#16 St Cloud St is currently at 11-12-1 so needs one more win than loss in its remaining games to meet the .500 requirement for consideration for the NCAA tournament. So, the Huskies won’t be considered if eliminated this weekend. If they advance (either 2-1 or 2-0), they’ll be in a decent bubble position, but probably need at least one more win.

stscloudst

#17 Harvard will be below the bubble if eliminated this weekend and it’s very unlikely they could slide into position for an at-large bid while idle.

Advancing would put them right on the bubble, such that they’d probably want another win to stay there.

harvard

#18 Colgate is out if eliminated this weekend. Advancing puts them on the low end of the bubble, such that a subsequent loss would probably push them off. Best to advance and win one more.

colgate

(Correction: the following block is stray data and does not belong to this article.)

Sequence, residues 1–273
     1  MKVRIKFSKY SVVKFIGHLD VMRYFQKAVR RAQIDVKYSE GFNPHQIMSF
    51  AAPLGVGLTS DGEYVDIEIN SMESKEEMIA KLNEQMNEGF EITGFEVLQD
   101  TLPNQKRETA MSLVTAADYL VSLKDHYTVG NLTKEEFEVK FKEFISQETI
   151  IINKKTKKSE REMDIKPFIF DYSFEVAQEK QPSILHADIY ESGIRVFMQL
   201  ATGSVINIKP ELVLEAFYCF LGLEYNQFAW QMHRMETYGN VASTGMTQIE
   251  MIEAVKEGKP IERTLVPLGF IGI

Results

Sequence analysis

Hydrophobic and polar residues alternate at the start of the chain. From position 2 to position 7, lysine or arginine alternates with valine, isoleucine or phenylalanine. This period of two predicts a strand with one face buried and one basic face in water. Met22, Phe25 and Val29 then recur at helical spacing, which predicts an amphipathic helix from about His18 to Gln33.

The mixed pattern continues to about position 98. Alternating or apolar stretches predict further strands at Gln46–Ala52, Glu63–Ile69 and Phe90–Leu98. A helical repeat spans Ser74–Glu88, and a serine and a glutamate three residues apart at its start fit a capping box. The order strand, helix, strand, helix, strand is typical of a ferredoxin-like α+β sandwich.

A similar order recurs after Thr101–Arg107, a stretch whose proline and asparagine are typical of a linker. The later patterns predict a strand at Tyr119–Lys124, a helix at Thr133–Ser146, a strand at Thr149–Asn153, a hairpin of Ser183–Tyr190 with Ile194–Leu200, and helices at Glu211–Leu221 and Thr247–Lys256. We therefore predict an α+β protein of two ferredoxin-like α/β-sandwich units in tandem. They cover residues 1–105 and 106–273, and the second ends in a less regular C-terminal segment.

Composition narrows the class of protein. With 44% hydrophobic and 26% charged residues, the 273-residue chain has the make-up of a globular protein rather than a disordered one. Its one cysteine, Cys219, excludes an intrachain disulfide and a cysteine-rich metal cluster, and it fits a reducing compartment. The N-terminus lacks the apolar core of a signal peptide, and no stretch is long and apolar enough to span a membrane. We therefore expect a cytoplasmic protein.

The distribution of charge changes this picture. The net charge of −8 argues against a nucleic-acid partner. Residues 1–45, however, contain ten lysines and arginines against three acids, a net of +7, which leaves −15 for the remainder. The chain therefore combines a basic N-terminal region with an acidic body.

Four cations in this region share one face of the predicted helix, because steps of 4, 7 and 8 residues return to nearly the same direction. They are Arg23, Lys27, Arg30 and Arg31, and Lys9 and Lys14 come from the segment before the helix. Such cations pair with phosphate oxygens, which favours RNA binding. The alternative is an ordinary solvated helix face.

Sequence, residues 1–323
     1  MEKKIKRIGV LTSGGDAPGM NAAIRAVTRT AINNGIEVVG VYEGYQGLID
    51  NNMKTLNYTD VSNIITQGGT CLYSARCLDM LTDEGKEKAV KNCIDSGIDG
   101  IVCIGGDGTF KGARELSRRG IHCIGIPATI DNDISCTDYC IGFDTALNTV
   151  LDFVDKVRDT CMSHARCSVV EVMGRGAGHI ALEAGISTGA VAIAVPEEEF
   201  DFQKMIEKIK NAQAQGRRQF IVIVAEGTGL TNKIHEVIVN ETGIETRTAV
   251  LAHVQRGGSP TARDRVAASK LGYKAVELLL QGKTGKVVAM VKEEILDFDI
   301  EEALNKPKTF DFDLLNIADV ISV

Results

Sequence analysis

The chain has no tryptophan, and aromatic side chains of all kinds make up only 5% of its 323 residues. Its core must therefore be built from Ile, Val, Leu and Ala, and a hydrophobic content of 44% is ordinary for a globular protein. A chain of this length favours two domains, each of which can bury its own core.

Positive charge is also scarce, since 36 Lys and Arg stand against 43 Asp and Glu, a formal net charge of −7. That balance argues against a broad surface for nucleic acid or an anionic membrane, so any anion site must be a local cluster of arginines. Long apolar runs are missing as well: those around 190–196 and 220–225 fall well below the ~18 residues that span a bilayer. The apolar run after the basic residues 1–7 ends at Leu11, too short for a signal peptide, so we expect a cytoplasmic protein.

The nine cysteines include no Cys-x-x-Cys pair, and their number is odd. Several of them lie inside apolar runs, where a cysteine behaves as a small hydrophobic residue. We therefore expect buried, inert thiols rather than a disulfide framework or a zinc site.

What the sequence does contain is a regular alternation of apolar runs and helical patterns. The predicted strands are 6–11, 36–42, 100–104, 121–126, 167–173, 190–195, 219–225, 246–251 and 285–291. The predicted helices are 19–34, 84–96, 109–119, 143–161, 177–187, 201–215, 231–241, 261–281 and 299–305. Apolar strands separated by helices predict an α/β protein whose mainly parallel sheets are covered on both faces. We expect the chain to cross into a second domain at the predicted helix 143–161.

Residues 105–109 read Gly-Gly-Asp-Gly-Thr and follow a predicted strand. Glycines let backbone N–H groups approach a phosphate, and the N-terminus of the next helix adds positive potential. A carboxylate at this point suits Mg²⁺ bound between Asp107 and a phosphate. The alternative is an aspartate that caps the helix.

#19 Vermont is very likely out if eliminated this weekend. Advancing would put them right on the low end of the bubble, such that another win would probably be required to make the tournament at-large.

vermont

#20 Michigan is not yet in its conference tournament so is not facing elimination this weekend. Two losses would likely put an at-large bid out of reach, while two wins would bring the bubble within sight. A first round bye, though, would reduce their opportunities to climb in the PWR.

michigan

#21 Bemidji State is out if eliminated this weekend. It’s possible, though not particularly likely, that Bemidji State could position itself for an at-large bid by advancing to the conference tournament final and losing.

bemidjist

#22 St. Lawrence is almost identical to Bemidji State. They’re out if they lose this weekend. It’s possible, though not particularly likely, that St. Lawrence could position itself for an at-large bid by advancing to the conference tournament final and losing.

stlawrence

#23 Dartmouth is out if they fail to advance. Dartmouth is better positioned than the teams above it to get an at-large bid by winning a few games then losing the conference final. Winning the conference tournament would be a safer bet.

dartmouth

Methodology